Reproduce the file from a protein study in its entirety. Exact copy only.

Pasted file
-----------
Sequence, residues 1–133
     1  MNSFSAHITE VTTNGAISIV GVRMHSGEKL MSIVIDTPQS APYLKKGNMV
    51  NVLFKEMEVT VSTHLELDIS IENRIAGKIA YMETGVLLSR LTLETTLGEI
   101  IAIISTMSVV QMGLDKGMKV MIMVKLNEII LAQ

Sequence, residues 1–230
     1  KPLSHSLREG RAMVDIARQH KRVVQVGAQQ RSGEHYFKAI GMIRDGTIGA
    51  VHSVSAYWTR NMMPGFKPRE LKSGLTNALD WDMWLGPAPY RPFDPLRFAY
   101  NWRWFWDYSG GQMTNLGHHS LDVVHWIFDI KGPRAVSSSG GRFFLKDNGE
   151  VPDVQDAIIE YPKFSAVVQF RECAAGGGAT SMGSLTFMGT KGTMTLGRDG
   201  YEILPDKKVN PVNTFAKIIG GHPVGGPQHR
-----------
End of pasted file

Sequence, residues 1–133
     1  MNSFSAHITE VTTNGAISIV GVRMHSGEKL MSIVIDTPQS APYLKKGNMV
    51  NVLFKEMEVT VSTHLELDIS IENRIAGKIA YMETGVLLSR LTLETTLGEI
   101  IAIISTMSVV QMGLDKGMKV MIMVKLNEII LAQ

Sequence, residues 1–230
     1  KPLSHSLREG RAMVDIARQH KRVVQVGAQQ RSGEHYFKAI GMIRDGTIGA
    51  VHSVSAYWTR NMMPGFKPRE LKSGLTNALD WDMWLGPAPY RPFDPLRFAY
   101  NWRWFWDYSG GQMTNLGHHS LDVVHWIFDI KGPRAVSSSG GRFFLKDNGE
   151  VPDVQDAIIE YPKFSAVVQF RECAAGGGAT SMGSLTFMGT KGTMTLGRDG
   201  YEILPDKKVN PVNTFAKIIG GHPVGGPQHR